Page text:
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More than 70 years ago, Noelene Ombler was given a snowdrop and she has been growing them ever since.
"I don’t go in for large displays," she says, a logical approach, as she and her husband, Dion, downsized in 2012, moving from a large Sawyers Bay property to St Leonards.
"Go to Larnach Castle if you want big drifts of snowdrops," she adds.
The castle’s collection, which dates back 50 years to Margaret Barker’s discovery of snowdrops there, includes one of Noelene’s favourite varieties, Hughes Emerald. This hybrid was bred by Stanley Hughes, who founded Tapanui’s Blue Mountain Nurseries in 1932. Stanley’s son, Denis, continues the interest in snowdrops.
"Hughes Emerald is the best Galanthus elwesii there is, the most reliable and beautiful," Noelene says.
Although associated with English woodland properties, snowdrops actually come from an area east of the Mediterranean to Asia Minor.
There are some 20 species and numerous cultivars, all extremely hardy. Being intolerant of humid conditions, they thrive in southern New Zealand, while those in the north have to make do with a spring-flowering relative, snowflake (Leucojum vernum).
A snowdrop bloom has longer outer petals around an inner group. Petals are white with green (or occasionally yellow) markings and it is the fine differences in flowers that help distinguish different varieties. Leaf shape and colour help in identification, too, as Noelene demonstrates with a recent acquisition called Curly, whose name comes from its curiously shaped leaves.
Among her favourite species is G. waronowii, which has shiny grass-green leaves, and G. reginae-olgae which has appealing, narrow two-toned leaves.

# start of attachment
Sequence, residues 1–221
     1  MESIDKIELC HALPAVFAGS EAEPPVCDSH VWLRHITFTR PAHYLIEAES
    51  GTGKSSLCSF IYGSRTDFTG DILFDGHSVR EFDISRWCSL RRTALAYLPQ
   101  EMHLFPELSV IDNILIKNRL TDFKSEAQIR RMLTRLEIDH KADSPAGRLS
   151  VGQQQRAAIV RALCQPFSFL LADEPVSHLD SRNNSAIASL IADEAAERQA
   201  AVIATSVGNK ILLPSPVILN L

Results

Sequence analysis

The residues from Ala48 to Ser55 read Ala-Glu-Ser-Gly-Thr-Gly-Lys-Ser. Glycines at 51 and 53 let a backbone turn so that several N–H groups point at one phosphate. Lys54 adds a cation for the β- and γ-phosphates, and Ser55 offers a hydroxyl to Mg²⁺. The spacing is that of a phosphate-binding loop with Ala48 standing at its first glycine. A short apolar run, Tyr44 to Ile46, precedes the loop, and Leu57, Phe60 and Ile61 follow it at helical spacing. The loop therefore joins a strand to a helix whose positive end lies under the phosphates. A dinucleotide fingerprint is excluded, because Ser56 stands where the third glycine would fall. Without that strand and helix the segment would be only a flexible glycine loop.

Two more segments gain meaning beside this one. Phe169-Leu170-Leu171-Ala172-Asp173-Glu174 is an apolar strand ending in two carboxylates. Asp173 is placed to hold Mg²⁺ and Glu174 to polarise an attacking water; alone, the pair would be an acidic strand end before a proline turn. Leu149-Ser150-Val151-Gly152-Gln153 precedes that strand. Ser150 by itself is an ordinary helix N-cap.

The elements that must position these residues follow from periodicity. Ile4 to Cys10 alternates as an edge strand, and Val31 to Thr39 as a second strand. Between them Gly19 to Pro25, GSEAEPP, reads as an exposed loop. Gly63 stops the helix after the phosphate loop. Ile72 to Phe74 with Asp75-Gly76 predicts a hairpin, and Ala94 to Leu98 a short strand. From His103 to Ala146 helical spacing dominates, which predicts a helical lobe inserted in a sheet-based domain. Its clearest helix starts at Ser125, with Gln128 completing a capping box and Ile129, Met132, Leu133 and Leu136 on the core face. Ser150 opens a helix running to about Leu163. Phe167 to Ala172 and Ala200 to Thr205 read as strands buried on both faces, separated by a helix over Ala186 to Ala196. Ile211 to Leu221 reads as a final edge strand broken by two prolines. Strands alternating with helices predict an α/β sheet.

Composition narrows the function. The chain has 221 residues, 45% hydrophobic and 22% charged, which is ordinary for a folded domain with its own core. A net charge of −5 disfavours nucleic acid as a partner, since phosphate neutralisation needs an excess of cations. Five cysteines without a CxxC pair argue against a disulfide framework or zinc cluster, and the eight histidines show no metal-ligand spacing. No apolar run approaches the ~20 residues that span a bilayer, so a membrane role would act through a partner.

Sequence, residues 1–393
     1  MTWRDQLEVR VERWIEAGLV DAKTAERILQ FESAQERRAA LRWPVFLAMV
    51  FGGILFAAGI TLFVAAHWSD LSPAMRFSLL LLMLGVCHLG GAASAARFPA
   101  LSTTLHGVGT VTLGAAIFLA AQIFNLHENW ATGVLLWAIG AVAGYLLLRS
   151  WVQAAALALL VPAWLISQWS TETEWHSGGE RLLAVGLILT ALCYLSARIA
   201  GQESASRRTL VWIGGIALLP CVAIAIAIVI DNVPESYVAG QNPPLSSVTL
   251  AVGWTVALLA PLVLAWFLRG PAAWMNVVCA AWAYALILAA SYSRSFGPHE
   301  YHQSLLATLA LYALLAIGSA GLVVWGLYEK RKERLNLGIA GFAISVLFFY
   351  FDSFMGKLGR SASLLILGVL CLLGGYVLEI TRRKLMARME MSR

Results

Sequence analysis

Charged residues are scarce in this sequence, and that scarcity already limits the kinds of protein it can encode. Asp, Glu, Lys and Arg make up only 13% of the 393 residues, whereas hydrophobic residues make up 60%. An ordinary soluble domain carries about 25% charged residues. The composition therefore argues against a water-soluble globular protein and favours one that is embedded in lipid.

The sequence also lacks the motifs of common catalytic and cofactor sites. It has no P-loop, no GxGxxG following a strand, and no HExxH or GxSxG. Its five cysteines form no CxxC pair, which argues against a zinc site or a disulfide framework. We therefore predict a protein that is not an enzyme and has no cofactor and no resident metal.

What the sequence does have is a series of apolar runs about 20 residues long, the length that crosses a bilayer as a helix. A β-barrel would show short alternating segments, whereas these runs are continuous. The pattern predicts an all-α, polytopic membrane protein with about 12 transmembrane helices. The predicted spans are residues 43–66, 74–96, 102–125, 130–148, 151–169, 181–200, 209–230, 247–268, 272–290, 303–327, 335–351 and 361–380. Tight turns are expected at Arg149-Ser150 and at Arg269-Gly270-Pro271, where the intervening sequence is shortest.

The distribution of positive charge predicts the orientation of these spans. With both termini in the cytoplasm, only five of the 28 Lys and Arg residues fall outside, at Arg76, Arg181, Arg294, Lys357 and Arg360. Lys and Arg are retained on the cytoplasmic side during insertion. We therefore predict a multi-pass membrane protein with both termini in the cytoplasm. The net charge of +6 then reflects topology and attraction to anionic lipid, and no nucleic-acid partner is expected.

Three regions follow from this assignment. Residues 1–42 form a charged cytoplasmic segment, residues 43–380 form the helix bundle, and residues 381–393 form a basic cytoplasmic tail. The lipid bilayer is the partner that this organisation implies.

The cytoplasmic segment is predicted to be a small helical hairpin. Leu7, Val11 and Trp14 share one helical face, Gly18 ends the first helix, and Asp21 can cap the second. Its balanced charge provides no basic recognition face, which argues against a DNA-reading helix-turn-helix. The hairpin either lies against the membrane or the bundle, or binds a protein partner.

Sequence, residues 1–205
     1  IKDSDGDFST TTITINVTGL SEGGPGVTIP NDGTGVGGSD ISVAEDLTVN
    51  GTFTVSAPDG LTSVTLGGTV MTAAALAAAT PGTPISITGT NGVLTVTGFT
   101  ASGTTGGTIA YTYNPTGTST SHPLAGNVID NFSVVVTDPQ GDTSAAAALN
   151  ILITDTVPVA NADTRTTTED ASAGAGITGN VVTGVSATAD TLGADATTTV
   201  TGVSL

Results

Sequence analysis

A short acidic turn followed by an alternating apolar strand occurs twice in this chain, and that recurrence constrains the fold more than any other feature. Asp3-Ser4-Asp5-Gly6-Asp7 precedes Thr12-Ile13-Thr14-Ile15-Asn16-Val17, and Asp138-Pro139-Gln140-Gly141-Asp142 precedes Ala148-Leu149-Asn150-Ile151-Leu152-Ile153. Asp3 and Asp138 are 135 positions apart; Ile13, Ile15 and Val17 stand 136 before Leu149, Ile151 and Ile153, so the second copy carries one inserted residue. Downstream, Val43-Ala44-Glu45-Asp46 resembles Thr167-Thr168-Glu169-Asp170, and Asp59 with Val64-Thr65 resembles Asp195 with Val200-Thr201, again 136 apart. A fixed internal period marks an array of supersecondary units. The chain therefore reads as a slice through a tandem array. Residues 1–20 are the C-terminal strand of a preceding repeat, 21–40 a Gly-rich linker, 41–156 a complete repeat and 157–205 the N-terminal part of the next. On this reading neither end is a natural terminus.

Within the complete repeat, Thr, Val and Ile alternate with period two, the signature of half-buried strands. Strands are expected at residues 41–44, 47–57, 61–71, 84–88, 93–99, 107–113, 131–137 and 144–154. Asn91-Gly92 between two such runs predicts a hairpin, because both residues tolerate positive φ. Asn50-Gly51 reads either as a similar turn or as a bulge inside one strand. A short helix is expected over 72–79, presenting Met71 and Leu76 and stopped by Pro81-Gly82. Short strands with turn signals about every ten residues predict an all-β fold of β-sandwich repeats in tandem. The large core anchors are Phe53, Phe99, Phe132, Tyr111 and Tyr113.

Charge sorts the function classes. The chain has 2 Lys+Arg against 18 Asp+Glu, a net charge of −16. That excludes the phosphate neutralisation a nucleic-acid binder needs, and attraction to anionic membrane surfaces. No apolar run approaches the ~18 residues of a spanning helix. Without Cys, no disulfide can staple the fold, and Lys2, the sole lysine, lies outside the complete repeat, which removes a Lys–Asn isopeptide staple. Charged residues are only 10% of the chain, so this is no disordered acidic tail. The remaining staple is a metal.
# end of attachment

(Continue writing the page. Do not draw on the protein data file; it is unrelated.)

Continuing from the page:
Snowdrop enthusiasts, or galanthophiles, get excited about the smallest colour variation and many chase with determination the newest discoveries or varieties. In the north of England, when genetic variations produced flowers with yellow markings and golden ovaries (the seed carrier at the flower’s base), there was great excitement, especially the 1890 discovery of a double form marketed as Lady Elphinstone.
Noelene does not have any of these rare — and consequently expensive — yellow forms, although the markings of double Jacquenetta sometimes turn apricot as they age. This variety is one of what are known as the Greatorex Doubles, long-stemmed cultivars bred in England in the 1940s and 1950s by Heyrick Greatorex.
Another Greatorex Double, Ophelia, Noelene describes as "the most interesting of all snowdrops, very variable and unpredictable".
Ophelia actually has two flowers a bulb, with the second bloom smaller and quite different from the first, while its overall variability has led Noelene to conclude that "she is quite promiscuous".
Asked to name her favourite single, Noelene unhesitatingly opts for Magnet, which has a long pedicel, which it makes it flutter in a breeze. With its vigorous growth and ability to multiply quickly, Magnet would be good for those new to snowdrop growing, she says. Also recommended are Hughes Emerald, S. Arnott, Viridapice and Atkinsii, which flowers early, is long-lasting and perfumed.
"And G. nivalis is still one of the most delicate and pretty snowdrops," Noelene says.
Snowdrops are her passion, but her spring garden has lots more of interest. She grows rhododendrons, delightful dwarf narcissi, crocuses, hellebores and a dark red primrose bred many years ago by one of Noelene’s uncles, a reminder that she comes from a family of enthusiastic gardeners.
Unlike most bulbs, snowdrops are divided while in bloom or in spring before the leaves fade, a practice called "in the green". Bulbs can be planted in the garden in part shade, so under deciduous trees works well, as long as the ground doesn’t dry out. The longer they remain in one spot, the deeper snowdrops will go. For pots, Noelene recommends a good general mix with a gravel layer optional on the top. It is important that pots are deep because snowdrops develop surprisingly long roots. Wherever they are to grow, snowdrops should not be left out after digging, but replanted immediately.